As previously noted, simple challenge/response schemes without associated channel security allow an attacker to hijack the connection after authentication has occurred. Since each HTTP request must be individually authenticated, an attacker who takes over the channel cannot transmit new unauthenticated requests over that channel. However, an attacker might attempt to intercept an authenticated request and mount a cut-and-paste attack, leaving the authenticator but changing the contents. This attack is prevented by including the URI in the message digest.
Unfortunately, the URI isn't the only piece of security relevant information in the HTTP request. Both the headers and the body are potentially sensitive. For instance, if HTTP POST is used, FORM input values will be in the message body. The auth-int qop value protects this information, but it is not widely deployed. None of the qop values protect the headers.
It's worth noting that Digest provides protection only for the request. No authentication is provided for the server, nor is message integrity provided for the response. It's technically possible to provide this feature using a shared key, as is done in S-HTTP [RFC2660] (Rescorla, E. and A. Schiffman, “The Secure HyperText Transfer Protocol,” August 1999.), but Digest doesn't do so.
Digest deployment has been somewhat spotty in the past. For instance, the popular Netscape Navigator 4 versions did not support it. More recently, Internet Explorer 7.0 +, Mozilla Firefox 2.0+, Netscape 7+ all support digest authentication. SIP [RFC3261] (Rosenberg, J., Schulzrinne, H., Camarillo, G., Johnston, A., Peterson, J., Sparks, R., Handley, M., and E. Schooler, “SIP: Session Initiation Protocol,” June 2002.) requires Digest authentication and it is near universal there.
Many HTTP requests are idempotent. In such cases, replay attacks are not a problem since the attacker doesn't get any information that he would not get by sniffing the original request. However, many HTTP transactions have side effects and in such cases preventing replay is important. Unfortunately, the conventional approach of requiring a separate challenge/response exchange for each authentication would double the number of round-trips for each transaction.
HTTP Digest provides two features to avoid these round trips. First, the server can provide a new nonce in a response header. This nonce must be used for the next client request. This feature interacts poorly with request pipelining so HTTP Digest also allows the client to issue multiple requests using a given server challenge by using a request sequence number (the "nonce-count").
HTTP Digest suffers from two types of downgrade attack. In the first type of attack, the attacker forces the peers to agree on Basic authentication rather than on Digest. There is no realistic way to protect against this attack, other than simply refusing to send Basic at all—note that the server refusing to accept it does not help, since the attacker can impersonate the server.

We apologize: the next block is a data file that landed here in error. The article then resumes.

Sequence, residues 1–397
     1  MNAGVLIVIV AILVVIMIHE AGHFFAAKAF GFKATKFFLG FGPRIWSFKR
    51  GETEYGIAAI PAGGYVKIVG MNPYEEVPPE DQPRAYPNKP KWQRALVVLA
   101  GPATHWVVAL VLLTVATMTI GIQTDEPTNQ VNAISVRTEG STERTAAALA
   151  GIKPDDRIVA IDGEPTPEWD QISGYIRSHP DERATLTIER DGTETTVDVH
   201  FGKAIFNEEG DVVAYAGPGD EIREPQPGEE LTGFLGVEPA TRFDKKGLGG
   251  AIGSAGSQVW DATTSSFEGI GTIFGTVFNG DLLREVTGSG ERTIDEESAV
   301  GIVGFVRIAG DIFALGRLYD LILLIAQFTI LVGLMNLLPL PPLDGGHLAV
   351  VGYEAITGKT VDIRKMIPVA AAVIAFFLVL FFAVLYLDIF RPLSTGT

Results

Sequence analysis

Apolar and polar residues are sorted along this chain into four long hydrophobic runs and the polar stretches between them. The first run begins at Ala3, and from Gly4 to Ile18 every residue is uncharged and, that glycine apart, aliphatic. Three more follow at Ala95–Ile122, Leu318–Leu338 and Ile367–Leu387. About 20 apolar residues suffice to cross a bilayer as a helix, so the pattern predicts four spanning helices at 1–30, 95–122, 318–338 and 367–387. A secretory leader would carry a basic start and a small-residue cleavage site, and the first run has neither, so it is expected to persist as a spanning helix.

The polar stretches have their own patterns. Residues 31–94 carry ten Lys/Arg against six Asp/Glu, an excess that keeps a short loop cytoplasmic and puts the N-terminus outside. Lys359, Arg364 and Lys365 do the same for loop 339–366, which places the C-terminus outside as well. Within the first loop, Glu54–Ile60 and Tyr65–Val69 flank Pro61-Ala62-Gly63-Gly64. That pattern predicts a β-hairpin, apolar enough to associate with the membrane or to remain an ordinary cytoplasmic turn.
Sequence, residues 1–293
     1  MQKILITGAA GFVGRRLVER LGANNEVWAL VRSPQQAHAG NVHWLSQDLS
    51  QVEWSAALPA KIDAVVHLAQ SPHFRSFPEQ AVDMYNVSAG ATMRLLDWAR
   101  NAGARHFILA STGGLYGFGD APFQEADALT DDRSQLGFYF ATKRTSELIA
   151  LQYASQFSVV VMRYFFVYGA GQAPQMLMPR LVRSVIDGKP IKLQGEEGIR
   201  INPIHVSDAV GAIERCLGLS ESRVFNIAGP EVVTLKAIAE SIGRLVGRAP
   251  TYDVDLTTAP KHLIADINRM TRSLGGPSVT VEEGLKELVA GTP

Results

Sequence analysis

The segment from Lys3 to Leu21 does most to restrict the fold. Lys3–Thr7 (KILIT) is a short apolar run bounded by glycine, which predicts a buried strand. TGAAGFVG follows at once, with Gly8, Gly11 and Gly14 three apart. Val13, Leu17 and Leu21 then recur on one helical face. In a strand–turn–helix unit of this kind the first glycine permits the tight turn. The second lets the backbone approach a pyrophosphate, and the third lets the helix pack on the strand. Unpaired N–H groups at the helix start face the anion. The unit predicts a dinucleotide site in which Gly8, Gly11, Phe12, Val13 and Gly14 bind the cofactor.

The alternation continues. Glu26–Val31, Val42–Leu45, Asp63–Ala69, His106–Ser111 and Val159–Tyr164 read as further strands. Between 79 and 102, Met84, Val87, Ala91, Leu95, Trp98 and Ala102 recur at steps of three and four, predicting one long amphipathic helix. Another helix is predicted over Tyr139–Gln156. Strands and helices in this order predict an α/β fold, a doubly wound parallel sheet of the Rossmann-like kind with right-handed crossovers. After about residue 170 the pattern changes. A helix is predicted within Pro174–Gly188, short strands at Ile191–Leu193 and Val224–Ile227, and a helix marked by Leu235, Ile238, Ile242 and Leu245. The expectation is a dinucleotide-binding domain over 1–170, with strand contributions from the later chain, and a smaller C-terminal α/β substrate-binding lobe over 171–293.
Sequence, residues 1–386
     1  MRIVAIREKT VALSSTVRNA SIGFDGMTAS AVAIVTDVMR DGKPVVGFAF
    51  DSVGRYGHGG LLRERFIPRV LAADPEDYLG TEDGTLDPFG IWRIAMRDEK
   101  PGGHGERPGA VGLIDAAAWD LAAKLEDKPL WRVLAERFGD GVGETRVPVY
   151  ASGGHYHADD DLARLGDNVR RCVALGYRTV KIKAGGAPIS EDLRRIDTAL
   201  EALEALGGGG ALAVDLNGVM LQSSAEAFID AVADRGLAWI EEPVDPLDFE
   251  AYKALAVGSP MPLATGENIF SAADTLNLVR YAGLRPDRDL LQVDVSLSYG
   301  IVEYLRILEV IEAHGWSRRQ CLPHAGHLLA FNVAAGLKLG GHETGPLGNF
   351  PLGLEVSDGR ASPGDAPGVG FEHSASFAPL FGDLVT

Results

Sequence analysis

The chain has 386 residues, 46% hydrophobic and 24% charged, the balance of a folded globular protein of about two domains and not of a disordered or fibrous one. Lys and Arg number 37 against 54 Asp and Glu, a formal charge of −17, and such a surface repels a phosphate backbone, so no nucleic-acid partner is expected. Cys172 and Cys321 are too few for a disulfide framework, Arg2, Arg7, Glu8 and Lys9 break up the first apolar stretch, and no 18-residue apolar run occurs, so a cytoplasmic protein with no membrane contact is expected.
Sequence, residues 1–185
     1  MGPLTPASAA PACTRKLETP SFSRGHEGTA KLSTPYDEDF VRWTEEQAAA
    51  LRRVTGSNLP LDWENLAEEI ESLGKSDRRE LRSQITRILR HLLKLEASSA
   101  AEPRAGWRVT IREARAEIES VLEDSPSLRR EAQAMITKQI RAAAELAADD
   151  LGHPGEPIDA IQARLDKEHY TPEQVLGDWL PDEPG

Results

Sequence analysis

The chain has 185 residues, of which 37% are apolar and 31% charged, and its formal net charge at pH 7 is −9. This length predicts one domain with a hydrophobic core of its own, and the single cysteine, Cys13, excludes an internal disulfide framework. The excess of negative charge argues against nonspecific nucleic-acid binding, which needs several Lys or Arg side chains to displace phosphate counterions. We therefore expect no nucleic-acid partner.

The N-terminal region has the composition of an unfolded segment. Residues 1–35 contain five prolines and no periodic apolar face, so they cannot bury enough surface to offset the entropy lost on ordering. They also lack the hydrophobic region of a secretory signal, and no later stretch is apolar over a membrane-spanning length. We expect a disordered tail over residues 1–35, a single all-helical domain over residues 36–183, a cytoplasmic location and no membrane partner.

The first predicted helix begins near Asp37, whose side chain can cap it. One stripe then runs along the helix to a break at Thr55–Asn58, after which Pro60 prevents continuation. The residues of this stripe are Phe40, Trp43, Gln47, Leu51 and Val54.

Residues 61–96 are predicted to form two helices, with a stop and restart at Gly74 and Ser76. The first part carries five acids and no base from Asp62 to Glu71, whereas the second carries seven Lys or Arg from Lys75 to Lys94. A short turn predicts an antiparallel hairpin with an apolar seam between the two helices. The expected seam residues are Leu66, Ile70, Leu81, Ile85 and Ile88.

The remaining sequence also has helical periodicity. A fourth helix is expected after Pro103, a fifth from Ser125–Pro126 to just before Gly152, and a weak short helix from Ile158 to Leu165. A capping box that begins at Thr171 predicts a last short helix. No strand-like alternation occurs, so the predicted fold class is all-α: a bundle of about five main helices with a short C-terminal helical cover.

In the second Downgrade attack, the attacker forces the peers to negotiate a qop of "auth" instead of "auth-int". The downgrade attack would then presumably be followed by an integrity attack on the client request. This attack could be prevented by requiring the client to include a digest of the server's offered qop values in the client's authenticator. However, that is not the case with the current scheme.
APOP [RFC1939] (Myers, J. and M. Rose, “Post Office Protocol - Version 3,” May 1996.)
HTTP Digest [RFC2617] (Franks, J., Hallam-Baker, P., Hostetler, J., Lawrence, S., Leach, P., Luotonen, A., and L. Stewart, “HTTP Authentication: Basic and Digest Access Authentication,” June 1999.)
AKA [AKA] (, “Technical Specification Group Services and System Aspects; 3G Security; Security Architecture (Release 5) 3GPP TS 33.102 V5.1.0.,” .)
CRAM-MD5 [RFC2195] (Klensin, J., Catoe, R., and P. Krumviede, “IMAP/POP AUTHorize Extension for Simple Challenge/Response,” September 1997.)
Kerberos password-based authentication [RFC4120] (Neuman, C., Yu, T., Hartman, S., and K. Raeburn, “The Kerberos Network Authentication Service (V5),” July 2005.)
All three of the mechanisms mentioned so far can be hardened against passive attacks by the use of anonymous key exchange. Essentially, the peers arrange for a secure channel using a key establishment mechanism that does not authenticate either side. Public key algorithms such as Diffie-Hellman and RSA can be used in this way. Once the key is established you can encrypt all the traffic. and any data which is transmitted over the channel is secure from eavesdroppers. This includes data such as passwords or authenticators.
The problem with this system is that it's subject to what's called a man-in-the-middle (MITM) attack. Because the cryptographic key establishment mechanism is unauthenticated, it is possible for an attacker to intercept communications between the peers (say Alice and Bob) and pose as Alice to Bob and Bob to Alice. The attacker can then forward traffic between them and get access to whatever's being encrypted.
The MITM attack on Diffie-Hellman key exchange is shown in the following figure. Yc, Ya, and Ys are used to denote the client, attacker, and server public keys respectively.
Client Attacker Server ------ -------- ----- Yc -> Ya -> <- Ys <- Ya
At the end of this exchange the client thinks that the server's public key is Ya and the server thinks that the client's public key is Ya. However, in reality both have established a shared secret with the attacker. Thus, when the password is transmitted over channel the attacker sees it.